by Natalia Sylvester ‧ RELEASE DATE: June 3, 2014
A smart take on a familiar genre that, when it stumbles, stumbles admirably.
A kidnapping forces a husband to reconsider his life in Sylvester’s debut, a cross between a literary novel and a thriller.
Although Andres and Marabela Jimenez live in a house that’s “enclosed by cement walls and locked gates,” horror manages to invade their lives when Marabela is kidnapped and ransomed at a price too steep for her husband, owner of a printing company, to afford. For help, he brings in a kidnapping expert named Guillermo, who recently negotiated the ransom for Elena, Andres’ childhood sweetheart. But Elena was held captive for 37 days and returned home broken, unable to return to her old life; is this fate in store for Marabela, too? Sylvester sets her novel in Peru in 1992, against a backdrop of political violence and guerrilla warfare. The country’s public turmoil echoes the private turmoil of the Jimenezes, no example of marital bliss even before the kidnapping. One of the appealing aspects of the novel is that it isn’t really about the negotiations at all. Rather, it’s about Andres reconnecting with neglected aspects of his life: Elena, his family and even Marabela. He becomes hopeful about what might happen when his wife returns. Will they put their relationship back together? Sylvester’s novel is one of great promise, even if it doesn’t cohere. Two-thirds of the way through, it changes shape dramatically—a twist that wants to gesture toward larger concerns but makes the remainder of the novel feel like an overlong epilogue. Nevertheless, Sylvester is a fine writer with a knack for crafting situations that externalize the characters’ internal struggles. (For instance, Andres and Guillermo have to invade Marabela’s darkroom—her last bastion of privacy—to set up a headquarters to handle the negotiations.) Sometimes Sylvester’s language stretches too far, as when a dial tone “is empty, just like [Andres] is,” but her ambition to reach beyond the traditional kidnapping thriller into something richer is commendable.A smart take on a familiar genre that, when it stumbles, stumbles admirably.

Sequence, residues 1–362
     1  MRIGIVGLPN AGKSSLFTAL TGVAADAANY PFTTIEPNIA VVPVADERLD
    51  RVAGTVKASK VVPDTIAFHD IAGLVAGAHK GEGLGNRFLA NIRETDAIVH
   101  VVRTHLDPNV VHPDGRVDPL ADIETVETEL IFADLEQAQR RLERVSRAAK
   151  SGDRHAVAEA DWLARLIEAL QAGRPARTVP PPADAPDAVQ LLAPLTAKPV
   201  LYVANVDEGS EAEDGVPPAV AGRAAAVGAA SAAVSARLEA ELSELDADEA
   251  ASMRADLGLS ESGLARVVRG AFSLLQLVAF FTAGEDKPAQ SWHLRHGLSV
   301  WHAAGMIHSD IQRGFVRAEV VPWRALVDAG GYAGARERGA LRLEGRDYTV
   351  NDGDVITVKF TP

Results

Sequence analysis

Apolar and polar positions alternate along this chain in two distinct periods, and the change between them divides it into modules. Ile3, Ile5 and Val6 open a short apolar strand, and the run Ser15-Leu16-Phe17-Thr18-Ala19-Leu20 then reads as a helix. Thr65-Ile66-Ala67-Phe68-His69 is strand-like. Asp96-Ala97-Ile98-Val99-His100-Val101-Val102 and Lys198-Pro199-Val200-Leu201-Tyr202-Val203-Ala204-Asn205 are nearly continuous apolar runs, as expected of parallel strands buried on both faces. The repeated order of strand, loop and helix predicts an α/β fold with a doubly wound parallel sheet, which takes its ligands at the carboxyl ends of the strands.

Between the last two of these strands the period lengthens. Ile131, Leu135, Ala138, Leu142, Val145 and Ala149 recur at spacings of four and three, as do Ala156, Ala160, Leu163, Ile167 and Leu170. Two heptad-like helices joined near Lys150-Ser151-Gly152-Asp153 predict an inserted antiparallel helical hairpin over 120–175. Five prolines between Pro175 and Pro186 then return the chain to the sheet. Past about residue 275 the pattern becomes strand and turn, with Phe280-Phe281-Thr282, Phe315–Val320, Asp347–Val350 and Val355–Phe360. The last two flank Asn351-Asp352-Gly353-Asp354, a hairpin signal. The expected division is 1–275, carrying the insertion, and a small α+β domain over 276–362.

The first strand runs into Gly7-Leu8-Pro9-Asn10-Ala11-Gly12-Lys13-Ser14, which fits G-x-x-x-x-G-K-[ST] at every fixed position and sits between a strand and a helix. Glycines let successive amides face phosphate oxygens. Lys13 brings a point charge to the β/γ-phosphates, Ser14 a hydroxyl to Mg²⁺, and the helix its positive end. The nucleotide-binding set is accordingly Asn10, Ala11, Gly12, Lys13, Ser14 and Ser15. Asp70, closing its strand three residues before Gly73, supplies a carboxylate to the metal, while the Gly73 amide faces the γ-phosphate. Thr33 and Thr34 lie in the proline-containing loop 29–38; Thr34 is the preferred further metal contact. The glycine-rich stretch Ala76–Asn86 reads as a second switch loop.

Pub Date: June 3, 2014
Page Count: 304
Publisher: Amazon Publishing/New Harvest
Review Posted Online: June 30, 2014
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by Colleen Hoover ‧ RELEASE DATE: March 18, 2014
Hoover is one of the freshest voices in new-adult fiction, and her latest resonates with true emotion, unforgettable...
Awards & Accolades
New York Times Bestseller
Sydney and Ridge make beautiful music together in a love triangle written by Hoover (Losing Hope, 2013, etc.), with a link to a digital soundtrack by American Idol contestant Griffin Peterson.